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Soft goods show retail potential

Soft goods show retail potential

Even if a provider is known for durable medical equipment, there is no reason why soft goods can't be an integral part of the product mix. In fact, the soft goods category is showing strong retail promise as creative, entrepreneurial vendors seek new sales channels for their product lines.

Traditionally considered part of the orthotics and prosthetics (O&P) market, soft goods are emerging as a distinct business segment apart from O&P. And it consists of merchandise targeted for that heavyweight of all demographics—baby boomers.

“The market for soft goods is growing,” notes Barbara Mauss, sales manager for North Branch, Minn.-based Swede-O. “Key factors are the aging baby boomers and to a lesser degree, the increase in obesity. For baby boomers, their desire to remain active many times can lead to injury or just simple aches and pains that many soft good products address. Also, often associated with aging comes a variety of arthritic conditions. Obesity can have a significant effect on the body and over time the body can benefit from a variety of soft good products.”

With CMS committed to Medicare competitive bidding and continual reimbursement reductions for covered medical supplies, cash transactions are becoming a stronger attraction for HME providers looking to recoup and build their businesses. Moreover, the public has become more accepting of paying out-of-pocket for products they want, Mauss said.

“What is already developing is a mindset where individuals are paying a portion for more of their services and products,” she said. “I believe customers and their caregivers will in many cases be willing to pay out-of-pocket for the better product that provides more than the basics Medicare will pay for.”

Repositioning hosiery

Compression hosiery has long been a stalwart of the soft goods category, fitting in with other product lines like therapeutic shoes, blood pressure cuffs, incontinence garments and wound care supplies. But given its health benefits, has hosiery reached its sales potential?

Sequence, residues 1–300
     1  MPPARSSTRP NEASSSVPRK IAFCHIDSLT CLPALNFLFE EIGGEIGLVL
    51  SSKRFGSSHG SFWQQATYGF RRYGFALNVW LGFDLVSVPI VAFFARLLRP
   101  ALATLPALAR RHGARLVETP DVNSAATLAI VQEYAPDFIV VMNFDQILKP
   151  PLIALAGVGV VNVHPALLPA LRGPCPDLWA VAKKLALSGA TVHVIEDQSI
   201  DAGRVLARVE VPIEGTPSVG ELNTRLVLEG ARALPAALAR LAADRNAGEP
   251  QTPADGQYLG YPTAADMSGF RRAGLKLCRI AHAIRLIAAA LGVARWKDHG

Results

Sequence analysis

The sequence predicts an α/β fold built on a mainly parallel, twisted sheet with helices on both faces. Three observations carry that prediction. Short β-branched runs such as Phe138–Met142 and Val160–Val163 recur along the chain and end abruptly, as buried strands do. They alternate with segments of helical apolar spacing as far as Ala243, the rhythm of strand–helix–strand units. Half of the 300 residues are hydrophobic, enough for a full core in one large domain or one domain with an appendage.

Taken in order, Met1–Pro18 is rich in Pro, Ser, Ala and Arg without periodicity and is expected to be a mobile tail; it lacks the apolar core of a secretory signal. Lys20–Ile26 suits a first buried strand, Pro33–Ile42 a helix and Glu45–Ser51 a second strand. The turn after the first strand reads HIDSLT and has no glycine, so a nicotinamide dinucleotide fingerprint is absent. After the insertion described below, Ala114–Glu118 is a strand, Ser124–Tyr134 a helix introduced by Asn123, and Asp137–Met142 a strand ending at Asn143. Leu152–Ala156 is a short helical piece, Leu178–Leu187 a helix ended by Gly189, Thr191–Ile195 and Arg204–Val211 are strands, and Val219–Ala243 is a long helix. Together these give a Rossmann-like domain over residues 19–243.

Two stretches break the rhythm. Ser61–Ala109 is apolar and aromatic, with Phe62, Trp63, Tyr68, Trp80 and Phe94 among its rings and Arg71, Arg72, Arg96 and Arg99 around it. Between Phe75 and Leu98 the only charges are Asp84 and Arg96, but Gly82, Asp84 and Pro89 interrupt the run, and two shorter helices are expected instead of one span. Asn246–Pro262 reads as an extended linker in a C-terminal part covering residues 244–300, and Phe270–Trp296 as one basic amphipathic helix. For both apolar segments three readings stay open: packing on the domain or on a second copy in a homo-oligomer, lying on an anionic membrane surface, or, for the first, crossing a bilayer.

Not according to Martin Winkler, MD, founder of Neb.-based Omaha Compression Dynamics, a small manufacturer of hosiery designed to reduce edema, venous insufficiencies and fluid overload. Currently the company has regional distribution in the Midwest, but Winkler believes that by linking up to HME sales channels nationwide, the product could be a strong seller while promoting hosiery's multi-dimensional health applications.

“We are looking to support the expansion of Dr. Winkler's business outside this area and believe connecting with regional HME suppliers would be the best place to start,” said Gary Robinson, who is heading up the company's new marketing push.

A vascular surgeon by trade, Winkler says he has built his “bootstrap” company over the past 15 years to develop a hosiery line that fosters healing of venous leg ulcers. The knit hosiery textile has been modified so it doesn't compress the entire surface of the skin, allowing for liquid to escape, and reducing swelling.

The hosiery line has been engineered to address various conditions, including edema, post-arteriovenous dialysis access surgery and sports injuries, such as strawberries, strains and sprains.

“The science we offer is therapeutic and safe,” Winkler said.

O&P status

Even though soft goods show the most sales potential, the O&P segment remains a valid business segment, says Wendy Miller, chief credentialing officer for the Owings Mills, Md.-based Board of Certification/Accreditation.

“The market is definitely strong, due to increases in obesity, diabetes, life expectancy, peripheral vascular disease, trauma, accidents, cancer, congenital limb deficiencies and combat injuries,” she said. “As our society continues to stress the need for young and old to be active in sports or exercise, these products can assist in healing resulting injuries and providing a better quality of life.”

The biggest opportunity for HME providers in the O&P market is to be “an expert resource for your patients in their time of need,” Miller said. “Ensure your staff is equipped with the education and experience to advise your patients on the proper fit and use of the products you sell.

“If you accomplish this, you will earn respect and repeat customers,” she said.


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